|Title||Portrait of Harry Davis|
|Description||Half-length portrait of Ohio's 49th governor, Harry Davis, who served from 1921 to 1923. He wears a dark jacket with a white shirt and a dark red tie. He has gray hair.|
|Artist||Stevenson, Gordon, 1892-1982|
Harry Lyman Davis was born on January 25, 1878, in Cleveland, Ohio. His father was an iron and steelworker and served several terms in the Ohio legislature where he was a strong supporter of labor issues. Harry Davis attended public schools and, upon graduation, held numerous jobs. At age eighteen he became a steel worker. He also served as a page in the Ohio legislature. Davis eventually settled upon two careers -- politics and insurance.
In 1909, Davis, a virtual unknown candidate, won election as Cleveland's treasurer. He held this office for two years. In 1915, he successfully won Cleveland's mayoral seat, running for the Republican Party. Davis held this office until 1920, when he resigned to run for governor. In the gubernatorial election of 1920, Davis faced opposition from A. Victor Donahey, the Democratic Party candidate, and Frank B. Hamilton, the Socialist candidate. Davis defeated Donahey by 121,000 votes, while Hamilton placed a distant third with just 43,000 votes. This was an important victory for the Republican Party, as Democrat James M. Cox had held the governor's seat the last two terms.
As governor, Davis' main contribution to Ohio was the Administrative Reorganization Code of 1921. Following World War I, many Americans, including numerous Ohioans, sought a more efficient and smaller government at the state and federal levels. The Administrative Reorganization Code addressed these concerns, by reordering the state government. This legislation dramatically increased the governor's power, giving this official the power to appoint the directors of eight separate administrative departments. The governor was to consult with the Ohio Senate before making appointments, but the governor did not have to follow the senators' advice. The eight departments were finance, commerce, highways and public works, agriculture, health, industrial relations, education, and public welfare. Each director would have complete control over his or her respective department, but the directors served at the will of the governor. This new administrative system streamlined the Ohio state government dramatically by cutting thirty-seven agencies, boards, commissions, and offices.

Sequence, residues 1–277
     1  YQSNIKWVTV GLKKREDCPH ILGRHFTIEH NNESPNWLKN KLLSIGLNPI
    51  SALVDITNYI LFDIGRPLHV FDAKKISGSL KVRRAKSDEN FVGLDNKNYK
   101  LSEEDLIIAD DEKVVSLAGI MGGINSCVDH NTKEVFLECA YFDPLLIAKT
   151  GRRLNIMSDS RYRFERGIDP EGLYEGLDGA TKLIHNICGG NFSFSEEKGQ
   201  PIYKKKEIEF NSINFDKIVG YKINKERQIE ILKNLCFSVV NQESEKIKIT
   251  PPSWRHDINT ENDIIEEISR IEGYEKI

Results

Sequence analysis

In 1922, Davis decided not to seek reelection and returned to Cleveland, where he formed the Harry L. Davis Insurance Company. He received the Republican Party's nomination for governor in 1924, but he lost the race to A. Victor Donahey. After this setback, Davis avoided the political limelight until 1933, when he, once again, became Cleveland's mayor. He held this office until 1935. Davis died on May 21, 1950.
Davis, Harry Lyman, 1878-1950
Stevenson, Gordon, 1892-1982
|Signed Name||"Gordon Stevenson 1922"|
|Sig Loc||Upper left|
|Image size||30" x 25-1/2"|
|Frame size||34" x 29"|
|Frame desc||First-half twentieth century gilt molded frame with carved beaded liner|
In 1867, the Ohio General Assembly passed a joint resolution relative to the governors of Ohio. The legislators resolved that "the secretary of state, on the first Monday of January next, whether the portraits of the governors of Ohio, state and territorial, can be procured, and if so, whether original portraits or copies, and the probable expense of procuring such portraits for the governor's office."
The portrait of Governor Harry Davis is signed and dated by society artist Gordon Stevenson, 1922.
There is no documentation about this portrait located at present.
The Capitol Square Review and Advisory Board took over the care of the Statehouse and its collections in 1988.
Ohio Governor's Portraits
|Collection||Statehouse Artwork Collection/Governors' Portraits|